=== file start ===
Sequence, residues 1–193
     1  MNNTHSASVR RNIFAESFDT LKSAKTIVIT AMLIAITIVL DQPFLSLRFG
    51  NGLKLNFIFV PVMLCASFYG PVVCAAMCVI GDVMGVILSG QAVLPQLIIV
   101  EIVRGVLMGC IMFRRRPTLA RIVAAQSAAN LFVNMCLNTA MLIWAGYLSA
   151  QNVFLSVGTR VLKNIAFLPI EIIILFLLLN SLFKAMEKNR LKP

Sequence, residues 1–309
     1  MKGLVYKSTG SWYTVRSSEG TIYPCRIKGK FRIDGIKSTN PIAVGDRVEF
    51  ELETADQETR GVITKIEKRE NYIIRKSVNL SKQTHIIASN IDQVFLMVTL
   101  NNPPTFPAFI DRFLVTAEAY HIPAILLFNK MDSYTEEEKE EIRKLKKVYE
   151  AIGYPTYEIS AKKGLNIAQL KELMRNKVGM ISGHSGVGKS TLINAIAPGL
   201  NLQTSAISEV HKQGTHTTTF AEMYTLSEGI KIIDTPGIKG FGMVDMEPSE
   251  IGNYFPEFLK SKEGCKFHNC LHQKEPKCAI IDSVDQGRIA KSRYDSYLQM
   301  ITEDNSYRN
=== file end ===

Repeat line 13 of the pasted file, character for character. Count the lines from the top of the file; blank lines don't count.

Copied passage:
   301  ITEDNSYRN